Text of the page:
KYC Is The Illicit Activity

KYC illicit

Quick take

  • KYC is a risk to consumers as personal data is centrally stored
  • Recent data breaches exposed personal information of millions of customers
  • Regulators need to think about a more secure and reliable approach to KYC

KYC, or ‘know your customer‘, is a common practice in the financial industry that requires companies to verify the identity of their customers before providing services. While the intention of KYC may be to prevent money laundering and other illicit activities, the practice has been shown to put users at risk as their personal data is centrally stored and regularly ends up on the deep web for sale.

The title “KYC is the illicit activity” refers to the fact that, while the practice is intended to prevent illegal activities, it is often the cause of data breaches that put users at risk. Companies that collect and store personal information on their customers are prime targets for hackers, who can steal this information and sell it on the dark web. This is a growing concern as more and more companies are requiring customers to provide personal information in order to use their services.

Recent data breaches such as Receivables Performance Management, which exposed 3.7 million customers, Elephant Insurance Services, which exposed 2.7 million consumers, Flagstar Bank, which exposed 1.5 million customers, and Lakeview Loan Servicing, which exposed 2.5 million customers, have highlighted the dangers of KYC.

In these breaches, hackers were able to steal personal information from millions of customers, including addresses, birthdates, and even passport information. This information can then be used for identity theft and other illegal activities.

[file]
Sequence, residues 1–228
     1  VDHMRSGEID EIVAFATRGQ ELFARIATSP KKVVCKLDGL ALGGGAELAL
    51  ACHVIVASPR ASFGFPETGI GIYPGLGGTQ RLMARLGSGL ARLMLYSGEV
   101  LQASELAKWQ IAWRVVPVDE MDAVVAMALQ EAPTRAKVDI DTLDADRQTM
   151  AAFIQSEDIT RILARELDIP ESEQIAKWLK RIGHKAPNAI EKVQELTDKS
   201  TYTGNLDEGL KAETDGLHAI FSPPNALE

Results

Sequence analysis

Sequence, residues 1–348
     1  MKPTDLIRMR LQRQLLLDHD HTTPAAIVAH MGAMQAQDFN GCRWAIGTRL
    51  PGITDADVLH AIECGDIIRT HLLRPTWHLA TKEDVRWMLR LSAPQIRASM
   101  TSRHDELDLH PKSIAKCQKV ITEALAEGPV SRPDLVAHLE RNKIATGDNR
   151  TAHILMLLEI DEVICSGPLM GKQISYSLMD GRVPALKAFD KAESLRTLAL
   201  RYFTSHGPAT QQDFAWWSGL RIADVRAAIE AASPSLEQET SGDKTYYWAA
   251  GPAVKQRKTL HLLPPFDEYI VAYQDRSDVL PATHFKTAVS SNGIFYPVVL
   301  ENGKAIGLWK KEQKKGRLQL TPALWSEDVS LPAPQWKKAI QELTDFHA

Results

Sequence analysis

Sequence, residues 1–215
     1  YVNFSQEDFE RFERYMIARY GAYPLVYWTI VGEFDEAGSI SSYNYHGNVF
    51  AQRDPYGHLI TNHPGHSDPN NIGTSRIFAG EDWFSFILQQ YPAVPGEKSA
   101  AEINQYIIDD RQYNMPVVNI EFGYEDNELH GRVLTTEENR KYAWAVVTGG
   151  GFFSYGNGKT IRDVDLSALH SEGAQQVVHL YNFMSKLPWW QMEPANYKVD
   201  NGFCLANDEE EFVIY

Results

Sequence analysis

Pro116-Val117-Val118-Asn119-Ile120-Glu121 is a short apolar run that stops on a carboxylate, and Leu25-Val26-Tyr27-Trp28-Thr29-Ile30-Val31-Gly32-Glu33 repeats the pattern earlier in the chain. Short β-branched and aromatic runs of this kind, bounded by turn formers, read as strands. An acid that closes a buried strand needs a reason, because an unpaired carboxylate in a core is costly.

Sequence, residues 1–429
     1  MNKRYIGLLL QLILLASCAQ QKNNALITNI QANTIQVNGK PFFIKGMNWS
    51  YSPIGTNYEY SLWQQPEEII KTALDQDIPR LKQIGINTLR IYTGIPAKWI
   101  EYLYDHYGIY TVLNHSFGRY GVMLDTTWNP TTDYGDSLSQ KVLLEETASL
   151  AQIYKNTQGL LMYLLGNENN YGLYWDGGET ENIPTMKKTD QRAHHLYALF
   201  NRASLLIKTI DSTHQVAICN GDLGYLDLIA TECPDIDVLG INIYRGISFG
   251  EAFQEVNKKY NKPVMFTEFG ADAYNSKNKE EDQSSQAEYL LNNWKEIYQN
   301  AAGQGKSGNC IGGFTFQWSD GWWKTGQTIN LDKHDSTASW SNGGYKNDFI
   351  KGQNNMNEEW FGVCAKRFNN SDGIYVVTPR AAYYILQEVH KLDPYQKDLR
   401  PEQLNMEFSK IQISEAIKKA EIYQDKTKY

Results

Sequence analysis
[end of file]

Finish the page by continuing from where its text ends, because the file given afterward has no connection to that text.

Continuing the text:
Not long ago, data including phone numbers and email addresses of 400 million Twitter users was found for sale on the web.

The collection and storage of personal information by companies puts users at risk of identity theft and fraud. Criminals can use this information to open bank accounts, apply for credit cards, and even take out loans in the victim’s name. This can have a devastating impact on the victim’s credit score and can take years to rectify.

The hack of the french ledger hardware wallet manufacturer’s e-commerce database resulted in an ongoing wave of phishing attacks. Customers who had purchased a ledger wallet in their past had their shipping address information and email address compromised. The hackers sent out emails in the local language while Ledger didn’t send warnings in the local language. Thousands of Bitcoins were stolen in the aftermath of the hack.

Hacks like these are examples why storing personal data online is a bad idea in general. However, the worst idea is to centrally store a large number of personal data. The more data is centrally stored, the more attractive it becomes for hackers.

KYC regulations force providers to collect and store the most personal information of users in a central manner. It’s a privacy nightmare and puts all customers at risk all the time.

KYC is not only dangerous but also it’s not a reliable method to prevent money laundering or fraud, as criminals can easily use false identities to bypass these checks.

The centralized storage of personal information in a single location massively increases the risk of data breaches, which can result in the loss of sensitive information for millions of customers. This highlights the need for regulators to re-evaluate their approach to KYC and to find more secure and reliable methods to prevent illicit activities.

In summary, KYC is a practice that is intended to prevent money laundering and other illegal activities, but it has been shown to put users at risk. The centralized storage of personal information makes companies a prime target for hackers, who can steal this information and sell it on the dark web. Recent data breaches have exposed the personal information of millions of customers, highlighting the need for a more secure and reliable approach to KYC.

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